In sum, a very wise doctor friend of mine says that it really doesn't matter where you to medical school, as long as it is AOA or AMA-accredited. Work your butt off and score high on your boards, and you should be able to get a good residency and job afterwards.

    Thanks for pointing out the obvious guys, now I am going to start having those nightmares about medical school again!

    EDGAR

    P.S. Gregory, would you have chosen AZCOM over COMP if NSUCOM had rejected you?


     
  8. Jack DOe

    Jack DOe Junior Member
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    KCOM is in the middle of changing the curriculum as outlined in the latest Interkcom. The curriculum is somewhat of a systems based approach. They plan on expanding the time spent in anatomy so this information will be cross-correlated with OTM, histology, embryology, and clinical examination. For example, as you study the thorax and its contents in anatomy. You will also be studying the histology of it, how it is formed embryologically, OTM examination and treatment of, and how to do a complete examination of this area for an H&P. KCOM also sends all MS1s on a two week preceptorship in the summer. This two weeks is spent with a doctor somewhere in Missouri. So we do have medically productive summers.
     
  9. danny

    danny Member
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    Are there any students who can comment on the schedules of CCOM? I read through the catalog but was just looking for any additional info.
    Thanks, Danny
     
  10. StillBorn

    StillBorn Member
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    It isn't really productive to look at what courses are taken in what order because each school breaks it down differently. To compare schools look at the total number of contact hours a year for year one and two. I think you will find that all the schools come out at about 800-900 hours a year for MS 1 and MS 2. This is divided into semesters, quarters, trimesters, whole years, whatever. Students get so caught up in the minutiae of medical schools becaue they want to feel like they are basing the choice on something concrete; however, success in school is about 90% student and about 10% school. The best way to choose is to decide where you will be happiest and where you want to live.
     
  11. DO 2 be

    DO 2 be Member
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    I agree. Success is mostly due to how much effort you put into it. COMP at the time of my visit hasn't put in place the videotaping facilities whereas KCOM already has them. KCOM classrooms and study areas are all wired and the classrooms are the most hi-tech I've ever seen, including those at my former undergrad univ. (a big one). People are very nice and I in the end chose KCOM and don't have any regret (except for the cold weather but it's not that bad, considering I'm from Calif). It's a personal one however. You chose what's best for you however.

    I am excited about the current proposed curriculum change. It's part of KCOM's move towards a problem-based curriculum as the COMLEX is so. But I wouldn't go completely towards a PB curriculum. 60/40 would be great. You still need a solid background in every subject though. Just my $0.02
     
  12. cliff

    cliff Senior Member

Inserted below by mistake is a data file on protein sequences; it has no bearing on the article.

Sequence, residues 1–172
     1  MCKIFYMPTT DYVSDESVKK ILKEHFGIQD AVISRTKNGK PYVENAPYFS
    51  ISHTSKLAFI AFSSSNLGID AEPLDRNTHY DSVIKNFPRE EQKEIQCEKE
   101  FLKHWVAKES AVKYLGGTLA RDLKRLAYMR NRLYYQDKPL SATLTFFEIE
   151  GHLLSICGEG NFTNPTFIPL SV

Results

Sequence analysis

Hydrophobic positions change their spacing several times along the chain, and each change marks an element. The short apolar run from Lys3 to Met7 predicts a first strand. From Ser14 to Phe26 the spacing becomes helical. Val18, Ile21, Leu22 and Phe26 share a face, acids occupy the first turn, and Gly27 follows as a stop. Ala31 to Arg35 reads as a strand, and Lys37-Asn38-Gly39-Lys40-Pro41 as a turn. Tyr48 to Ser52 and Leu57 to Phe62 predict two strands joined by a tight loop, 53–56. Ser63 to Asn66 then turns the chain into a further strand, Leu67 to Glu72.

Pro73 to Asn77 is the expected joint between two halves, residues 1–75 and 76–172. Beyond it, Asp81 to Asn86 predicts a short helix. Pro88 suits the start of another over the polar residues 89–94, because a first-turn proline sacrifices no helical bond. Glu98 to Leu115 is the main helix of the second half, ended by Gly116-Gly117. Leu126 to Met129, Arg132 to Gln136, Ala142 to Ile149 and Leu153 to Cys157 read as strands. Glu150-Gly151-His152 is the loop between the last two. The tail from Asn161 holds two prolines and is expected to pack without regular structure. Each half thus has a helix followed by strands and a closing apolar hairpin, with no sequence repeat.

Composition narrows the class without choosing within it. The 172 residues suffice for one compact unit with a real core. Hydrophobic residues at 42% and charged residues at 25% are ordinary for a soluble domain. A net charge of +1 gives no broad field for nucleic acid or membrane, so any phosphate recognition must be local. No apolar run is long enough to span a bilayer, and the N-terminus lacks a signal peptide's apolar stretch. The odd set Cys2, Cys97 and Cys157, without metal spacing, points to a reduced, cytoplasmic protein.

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    To JackDOe

    Sorry if you thought I was saying KCOM students do not have productive summers. I did not have that intention.
     
  13. Jack DOe

    Jack DOe Junior Member
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    Cliff,

    Don't sweat it, I'm just keeping potential applicants informed. No offense taken.
     
  14. JONM

    JONM Member
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    I have recently chosen to accept KCOM. The focus on using current technology and the history of high board scores won me over. I am worried about the lottery system they use for placement into 3rd and 4th years though. Can anyone out there comment on their experiences with this?
     
  15. justwannabadoc

    justwannabadoc Senior Member
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    I'm also headed for KCOM next year. Check out their message board for help and experiences.
    www.kcom-sga.threadnet.com/cgi_bin/dcforum/dcboard.cgi
     
  16. cliff

    cliff Senior Member
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    I am curious.

    Here is a question for the entering KCOM people. Which schools did you choose KCOM over and why? Any responses would be sincerely and honestly appreciated.

    At this moment, I am very happily going to KCOM in August. But, if accepted to school locally (COMP), I am afraid of the decision I will then have to make.

    I dig going to a school where I percieve 'the future movers and shakers' of the profession have gone, but am enthralled with incredible connections COMP has with the Californian med schools. I am ......just a little ..unsure..
     
  17. macey

    macey Junior Member
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    To Cliff,
    Choosing a medical school is as personal and individual a decision as one will ever make. I interviewed and was accepted to AZCOM, UHS-COM, UOMHS, COMP and KCOM and chose KCOM. I believe that we will get from any med. school what we put into it. Each of these schools has good points and bad, however, they will all provide the opportunity for an incredible education as well as advancement in the medical field as a post graduate. Don't worry so much how one school compares to another. Your biggest challenge will be doing well in school and being happy where you are. Good luck.